Written by Kevin O’Malley, Illustrated by Kevin O’Malley, Carol Heyer and Scott Goto
Walker Publishing, 2005
For our library project, we were supposed to tell you our favorite fairy tale, but we couldn’t agree on which story was the best. So we just made one up.
The plot in a nutshell: A boy and girl take a fairy tale in different directions
The girl starts the story by introducing us to her main character, Princess Tenderheart. The princess has eight ponies and her favorite is named Buttercup. A giant steals one of her ponies and the princess sobs. The giant returns night after night and steals more ponies until only Buttercup is left. The princess weeps continuously, refuses to eat and sits in her room, spinning straw into gold. (At this point, the boy takes over the story.) A cool dude on a motorcycle promises to guard Buttercup if he can have all gold thread the princess spins.
The giant returns to the castle to steal the last pony and the cool dude battles him with a giant sword, through lightning, thunder and volcanoes. Princess Tenderheart gives her gold thread to the dude and he gets rich. (The boy says this is the end of the story, but the girl picks it back up.) Princess Tenderheart starts working out and becomes Princess Warrior and she tells the dude to make his own gold thread. (The boy jumps in.) The dude uses his thread to make a blanket of invisibility and he goes to rescue the ponies. The princess goes with him and they scare the giant into jumping from his cliff into the sea. Then the dude and the princess get married and have either a boy or a girl, depending on whose version of the story you’re reading.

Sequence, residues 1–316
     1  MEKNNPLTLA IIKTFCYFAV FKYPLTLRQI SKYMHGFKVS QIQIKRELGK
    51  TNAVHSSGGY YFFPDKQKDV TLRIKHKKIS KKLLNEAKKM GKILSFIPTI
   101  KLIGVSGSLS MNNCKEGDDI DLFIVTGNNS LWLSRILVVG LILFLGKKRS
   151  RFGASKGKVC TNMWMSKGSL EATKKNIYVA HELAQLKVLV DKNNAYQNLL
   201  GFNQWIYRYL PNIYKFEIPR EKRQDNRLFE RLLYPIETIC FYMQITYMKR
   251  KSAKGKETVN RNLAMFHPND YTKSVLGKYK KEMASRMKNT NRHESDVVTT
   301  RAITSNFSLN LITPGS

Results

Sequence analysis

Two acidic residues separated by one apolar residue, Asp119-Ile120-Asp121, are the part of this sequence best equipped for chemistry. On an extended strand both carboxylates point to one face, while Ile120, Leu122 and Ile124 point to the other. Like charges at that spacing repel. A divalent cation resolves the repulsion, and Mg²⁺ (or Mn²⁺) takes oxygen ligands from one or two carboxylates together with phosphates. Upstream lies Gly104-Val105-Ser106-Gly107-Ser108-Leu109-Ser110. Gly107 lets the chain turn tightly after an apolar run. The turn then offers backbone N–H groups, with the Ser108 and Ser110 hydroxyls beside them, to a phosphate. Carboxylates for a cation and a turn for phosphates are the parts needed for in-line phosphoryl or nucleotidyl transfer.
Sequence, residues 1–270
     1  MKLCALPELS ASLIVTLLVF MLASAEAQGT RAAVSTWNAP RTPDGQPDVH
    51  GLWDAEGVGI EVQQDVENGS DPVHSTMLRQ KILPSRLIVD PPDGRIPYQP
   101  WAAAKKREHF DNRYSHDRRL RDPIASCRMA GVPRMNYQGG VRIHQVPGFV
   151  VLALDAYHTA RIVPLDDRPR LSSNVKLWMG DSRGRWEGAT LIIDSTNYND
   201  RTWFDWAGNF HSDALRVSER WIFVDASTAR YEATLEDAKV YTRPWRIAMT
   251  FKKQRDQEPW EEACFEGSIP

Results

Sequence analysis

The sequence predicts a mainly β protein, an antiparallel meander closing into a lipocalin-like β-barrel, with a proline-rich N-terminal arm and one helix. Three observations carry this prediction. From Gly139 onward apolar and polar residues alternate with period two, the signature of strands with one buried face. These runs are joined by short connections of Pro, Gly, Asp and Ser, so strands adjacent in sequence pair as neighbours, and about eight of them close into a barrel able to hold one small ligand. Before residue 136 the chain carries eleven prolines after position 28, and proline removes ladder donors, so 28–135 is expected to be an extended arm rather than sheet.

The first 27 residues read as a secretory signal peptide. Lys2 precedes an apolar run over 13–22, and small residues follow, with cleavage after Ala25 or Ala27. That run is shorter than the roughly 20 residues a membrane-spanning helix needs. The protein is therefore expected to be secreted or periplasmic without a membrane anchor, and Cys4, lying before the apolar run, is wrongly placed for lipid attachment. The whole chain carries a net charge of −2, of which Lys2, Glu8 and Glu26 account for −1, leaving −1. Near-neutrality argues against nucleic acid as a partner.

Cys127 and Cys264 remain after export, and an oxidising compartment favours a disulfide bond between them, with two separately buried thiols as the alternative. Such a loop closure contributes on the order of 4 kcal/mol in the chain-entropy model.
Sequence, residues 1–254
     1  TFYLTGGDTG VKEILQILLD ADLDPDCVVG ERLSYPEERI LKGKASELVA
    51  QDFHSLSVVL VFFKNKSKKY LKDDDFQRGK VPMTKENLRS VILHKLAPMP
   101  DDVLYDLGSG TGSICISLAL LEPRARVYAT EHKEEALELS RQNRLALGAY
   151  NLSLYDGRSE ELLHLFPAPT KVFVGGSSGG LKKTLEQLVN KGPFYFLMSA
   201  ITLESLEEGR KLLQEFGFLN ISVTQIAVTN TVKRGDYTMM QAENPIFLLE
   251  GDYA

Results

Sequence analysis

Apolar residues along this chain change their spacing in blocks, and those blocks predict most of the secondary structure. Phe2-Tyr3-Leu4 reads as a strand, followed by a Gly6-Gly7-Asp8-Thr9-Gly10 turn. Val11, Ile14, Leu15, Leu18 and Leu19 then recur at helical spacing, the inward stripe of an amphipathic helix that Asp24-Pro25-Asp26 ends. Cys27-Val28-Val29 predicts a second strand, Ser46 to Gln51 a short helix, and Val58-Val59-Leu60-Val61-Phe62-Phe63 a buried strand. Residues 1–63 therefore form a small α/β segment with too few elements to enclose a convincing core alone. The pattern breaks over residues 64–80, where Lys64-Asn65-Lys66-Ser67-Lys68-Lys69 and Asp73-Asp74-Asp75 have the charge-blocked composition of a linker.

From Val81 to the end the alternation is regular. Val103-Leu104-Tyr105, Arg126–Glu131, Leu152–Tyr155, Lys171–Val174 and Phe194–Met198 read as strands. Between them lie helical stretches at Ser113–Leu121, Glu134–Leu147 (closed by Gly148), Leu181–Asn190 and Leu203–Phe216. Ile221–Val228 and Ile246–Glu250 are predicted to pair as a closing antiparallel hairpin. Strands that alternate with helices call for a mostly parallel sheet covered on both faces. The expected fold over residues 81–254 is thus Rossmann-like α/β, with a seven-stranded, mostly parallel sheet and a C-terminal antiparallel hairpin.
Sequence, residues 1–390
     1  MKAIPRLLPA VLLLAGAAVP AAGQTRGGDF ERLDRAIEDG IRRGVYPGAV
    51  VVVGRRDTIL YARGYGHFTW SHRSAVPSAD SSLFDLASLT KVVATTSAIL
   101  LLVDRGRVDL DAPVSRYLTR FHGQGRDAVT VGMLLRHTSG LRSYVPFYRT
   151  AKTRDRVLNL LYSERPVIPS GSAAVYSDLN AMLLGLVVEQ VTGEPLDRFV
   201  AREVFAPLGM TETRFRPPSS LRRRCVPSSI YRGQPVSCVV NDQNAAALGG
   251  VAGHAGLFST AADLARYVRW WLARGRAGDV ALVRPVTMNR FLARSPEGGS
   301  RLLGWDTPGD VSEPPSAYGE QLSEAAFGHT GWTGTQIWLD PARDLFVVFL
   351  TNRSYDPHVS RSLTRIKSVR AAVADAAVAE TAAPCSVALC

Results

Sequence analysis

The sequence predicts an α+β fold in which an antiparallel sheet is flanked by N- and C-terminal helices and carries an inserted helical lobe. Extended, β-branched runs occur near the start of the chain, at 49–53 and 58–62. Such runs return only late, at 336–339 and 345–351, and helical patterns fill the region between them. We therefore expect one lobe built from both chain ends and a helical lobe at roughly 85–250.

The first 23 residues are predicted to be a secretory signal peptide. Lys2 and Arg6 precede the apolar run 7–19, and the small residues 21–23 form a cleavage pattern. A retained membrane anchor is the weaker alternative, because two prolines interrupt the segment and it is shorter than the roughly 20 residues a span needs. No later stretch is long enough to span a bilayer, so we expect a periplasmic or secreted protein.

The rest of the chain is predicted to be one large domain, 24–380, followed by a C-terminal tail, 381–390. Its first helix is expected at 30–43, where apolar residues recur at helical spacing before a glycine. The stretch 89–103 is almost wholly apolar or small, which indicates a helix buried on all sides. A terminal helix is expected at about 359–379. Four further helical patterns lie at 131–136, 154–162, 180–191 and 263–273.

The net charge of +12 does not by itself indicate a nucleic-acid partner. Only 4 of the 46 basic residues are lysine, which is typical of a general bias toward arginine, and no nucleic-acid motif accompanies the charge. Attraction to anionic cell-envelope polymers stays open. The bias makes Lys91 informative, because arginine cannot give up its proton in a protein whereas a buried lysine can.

The battle between the sexes plays out in picture book form in this book that is considerably funnier than the plot description conveys. What really makes this book work is the artwork, done by three different artists in three completely different styles. Author Kevin O’Malley provides the drawings of our boy and girl narrator, in pen and ink and digital color. They are often superimposed over the artwork for the portion of the story that is happening at the time. The girl’s part of the story is illustrated in acrylics by Carol Heyer, an artist of fantasy books. Scott Goto’s dark palettes, in acrylics and oil on paper, are a perfect fit for the boy’s section of the story. The story font even gets into the act, changing when the narrator changes.
I’ve seen criticism leveled at this book for promoting gender stereotypes in the plots that the boy and girl suggest, but I feel that these readers are taking the book more seriously than the author, who seems to be poking fun at the idea of these stereotypes. In my opinion, the narrative styles, artwork and plot devices all serve to play up the ridiculousness of overly flowery princess and macho tough guy stories. I thought the book was very funny and clever and I feel that its appeal reaches beyond young kids, due to its humorous approach to its subject.
And what did we learn? What I take away from this book is that the best stories are stories that are accessible to all kinds of people and not just geared for one set of readers or another.